"Sammy Ofer heart building" - The "beating heart" of Tel Aviv Sourasky Medical Center -part 1 / 30/08/2011|
"I will prescribe regimens for the good of my patients according to my ability and my judgment and never do harm to anyone"
The design process started in 2006 – presenting many different alternatives until the main concept of the "Sammy Offer Heart Building" was invented- that is -to connect the new & the old. The new Cardiology building with the old historical Bauhaus building. Thus the main connecting atrium was born together with the dramatic iconic red bridges.
Construction has started in 2007 until the opening ceremony in November 2010. Most of the cardiology departments are functioning – up to level +3. We are now completing the construction of levels +4, +5 & +6. Levels +7 up to +10 will be left empty for future programs.
The new cardiology building was designed by Sharon Architects- Arad Sharon AA. Dipl. & Sharon Gur Ze'ev In partnership with Ranni Ziss Architects. This avant-garde building is as a strong monolithic cube clad with special climactic glass. It is situated parallel to the old historical Ichilov Building designed in the international "Bauhaus" style in the 1960s by architect Arieh Sharon- the "father of Israeli Architecture & the founder of the Sharon Architectural office.
Along with the white austerity typical of hospitals in the past, all the medical center's cardiac departments were concentrated in this transparent building: cardiac outpatient clinics, cardiac intensive care units and intermediate care, cardiovascular surgery together with one of the most advanced cardiac catheterization departments, cardiac rehabilitation and non-invasive cardiac clinics. This glass-clad building provides a high level of visibility and optimally connects the patients to the outdoors. Patients also enjoy spacious two-bed and one-bed hospital rooms of a very high hotel standard. Special attention was paid to ensure that the catheterization and emergency wards would be connected to the outdoors and exposed to natural light, which is conducive to the healing process. The "white" color, symbolizing Tel Aviv also known as the "White City" as well as being associated with medical hygiene, will return as a dominant color in the new building's interior design. Dominant colors such as red, yellow and orange will be incorporated in the white areas to create a sense of liveliness and joy.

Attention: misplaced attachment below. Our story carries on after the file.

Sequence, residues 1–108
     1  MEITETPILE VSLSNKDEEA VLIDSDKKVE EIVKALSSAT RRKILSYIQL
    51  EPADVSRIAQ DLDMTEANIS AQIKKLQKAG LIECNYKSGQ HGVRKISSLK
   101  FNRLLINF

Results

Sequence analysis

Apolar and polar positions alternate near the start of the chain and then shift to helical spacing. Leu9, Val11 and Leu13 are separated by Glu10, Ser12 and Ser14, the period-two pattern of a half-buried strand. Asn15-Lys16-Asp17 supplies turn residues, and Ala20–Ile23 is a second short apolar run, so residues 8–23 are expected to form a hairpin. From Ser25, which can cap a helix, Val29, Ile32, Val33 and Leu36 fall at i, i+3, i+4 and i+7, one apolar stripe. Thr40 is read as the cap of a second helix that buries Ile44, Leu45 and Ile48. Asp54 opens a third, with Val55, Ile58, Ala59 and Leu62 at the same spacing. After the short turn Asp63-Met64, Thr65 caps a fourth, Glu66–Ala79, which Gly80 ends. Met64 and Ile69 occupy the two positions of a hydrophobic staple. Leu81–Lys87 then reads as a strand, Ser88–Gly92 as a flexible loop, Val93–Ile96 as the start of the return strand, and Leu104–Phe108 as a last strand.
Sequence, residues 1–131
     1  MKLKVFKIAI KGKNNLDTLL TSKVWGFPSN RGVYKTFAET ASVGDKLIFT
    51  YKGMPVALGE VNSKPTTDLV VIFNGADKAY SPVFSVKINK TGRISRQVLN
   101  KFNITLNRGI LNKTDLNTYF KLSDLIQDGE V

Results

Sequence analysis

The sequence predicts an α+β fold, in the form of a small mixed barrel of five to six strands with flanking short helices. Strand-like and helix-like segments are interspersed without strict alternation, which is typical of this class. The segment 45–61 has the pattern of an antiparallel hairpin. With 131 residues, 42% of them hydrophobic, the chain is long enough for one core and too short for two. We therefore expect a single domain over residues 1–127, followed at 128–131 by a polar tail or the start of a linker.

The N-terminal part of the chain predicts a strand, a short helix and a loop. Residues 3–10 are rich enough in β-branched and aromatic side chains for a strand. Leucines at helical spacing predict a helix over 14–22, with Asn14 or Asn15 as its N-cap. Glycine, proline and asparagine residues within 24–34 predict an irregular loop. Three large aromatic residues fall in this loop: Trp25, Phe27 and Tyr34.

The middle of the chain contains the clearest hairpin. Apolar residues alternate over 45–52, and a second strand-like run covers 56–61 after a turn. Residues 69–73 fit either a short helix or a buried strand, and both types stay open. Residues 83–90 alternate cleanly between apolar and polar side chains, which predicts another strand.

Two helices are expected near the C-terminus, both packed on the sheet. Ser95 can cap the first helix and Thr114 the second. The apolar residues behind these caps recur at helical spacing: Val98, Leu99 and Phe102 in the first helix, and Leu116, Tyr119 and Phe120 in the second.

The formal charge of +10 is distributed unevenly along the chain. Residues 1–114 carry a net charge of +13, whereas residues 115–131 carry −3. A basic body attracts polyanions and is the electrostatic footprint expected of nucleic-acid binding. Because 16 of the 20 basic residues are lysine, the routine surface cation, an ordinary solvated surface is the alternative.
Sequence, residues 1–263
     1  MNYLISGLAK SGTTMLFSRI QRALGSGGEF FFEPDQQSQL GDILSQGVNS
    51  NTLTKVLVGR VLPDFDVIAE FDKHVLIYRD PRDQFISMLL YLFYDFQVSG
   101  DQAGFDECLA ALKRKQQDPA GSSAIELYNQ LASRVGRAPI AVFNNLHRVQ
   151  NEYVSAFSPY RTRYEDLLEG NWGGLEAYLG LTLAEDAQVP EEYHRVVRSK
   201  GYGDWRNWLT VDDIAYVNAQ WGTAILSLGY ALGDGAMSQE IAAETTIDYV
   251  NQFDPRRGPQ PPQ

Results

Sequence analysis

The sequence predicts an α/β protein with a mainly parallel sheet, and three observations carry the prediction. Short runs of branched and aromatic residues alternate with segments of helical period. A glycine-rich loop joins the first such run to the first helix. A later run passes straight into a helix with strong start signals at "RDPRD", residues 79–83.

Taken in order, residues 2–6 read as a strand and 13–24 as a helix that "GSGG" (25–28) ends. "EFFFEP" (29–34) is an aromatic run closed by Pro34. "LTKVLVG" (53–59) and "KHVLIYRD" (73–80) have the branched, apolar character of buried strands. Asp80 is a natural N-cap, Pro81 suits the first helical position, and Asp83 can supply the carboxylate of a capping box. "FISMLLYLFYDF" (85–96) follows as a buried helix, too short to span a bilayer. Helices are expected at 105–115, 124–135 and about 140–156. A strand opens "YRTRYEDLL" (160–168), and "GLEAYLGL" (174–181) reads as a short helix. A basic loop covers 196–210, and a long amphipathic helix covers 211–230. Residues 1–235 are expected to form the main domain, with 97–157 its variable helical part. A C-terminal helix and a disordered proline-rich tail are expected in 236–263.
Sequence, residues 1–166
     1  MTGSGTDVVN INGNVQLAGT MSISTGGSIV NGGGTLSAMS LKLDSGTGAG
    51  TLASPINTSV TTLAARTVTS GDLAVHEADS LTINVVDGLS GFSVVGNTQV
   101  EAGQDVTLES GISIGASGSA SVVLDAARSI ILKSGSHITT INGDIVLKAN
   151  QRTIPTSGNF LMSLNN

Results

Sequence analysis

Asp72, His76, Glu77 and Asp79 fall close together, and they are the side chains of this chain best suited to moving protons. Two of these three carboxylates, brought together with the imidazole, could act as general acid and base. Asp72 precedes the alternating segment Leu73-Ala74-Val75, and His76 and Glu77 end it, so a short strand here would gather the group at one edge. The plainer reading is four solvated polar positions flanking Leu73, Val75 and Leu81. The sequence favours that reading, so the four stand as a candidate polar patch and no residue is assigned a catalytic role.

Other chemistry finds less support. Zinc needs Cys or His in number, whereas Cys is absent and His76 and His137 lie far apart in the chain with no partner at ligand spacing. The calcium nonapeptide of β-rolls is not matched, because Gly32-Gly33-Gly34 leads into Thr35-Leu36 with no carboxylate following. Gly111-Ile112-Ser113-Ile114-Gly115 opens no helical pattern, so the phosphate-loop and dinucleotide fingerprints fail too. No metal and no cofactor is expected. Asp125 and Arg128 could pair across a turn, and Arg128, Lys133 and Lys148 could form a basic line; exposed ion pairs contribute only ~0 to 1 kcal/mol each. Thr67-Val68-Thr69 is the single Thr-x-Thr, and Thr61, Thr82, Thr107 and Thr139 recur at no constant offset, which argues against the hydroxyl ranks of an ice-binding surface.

The new building expresses the delicate balance between architecture and medicine. It also manifests the ability of optimal architecture to be creative and inspiring, while at the same considerate of the emotional experience of patients and staff. This architecture significantly eases the suffering that the patient and his family undergo, without exhibiting the trendy need to pretend to be another kind of building (such as a hotel, bank, etc. ).
The main idea was to "resuscitate" the old Bauhaus building by planning a public atrium that will connect the new cardiology building with the historical Ichilov building. The creation of a contextual and physical connection between the buildings enables expanding the floor area of the cardiology building (3000 sq.m.) with an additional 1200 sq.m. - The floor area of the historical Ichilov building.
Resembling blood vessels, red bridges will float in the atrium space, leading visitors to waiting galleries that will be placed one in front of the other, generating figurative tension - in the two buildings located one in opposition to the other. The old Ichilov building will be renovated and returned to its old glorious days. The atrium providing the connection will include commercial areas, landscape healing gardens and spacious and inviting waiting areas. Artistic elements will be incorporated in the area as well, including music and water elements, as studies show that music raises Endorphin and Cortisol levels and thereby reduces anxiety and helps patients cope with pain.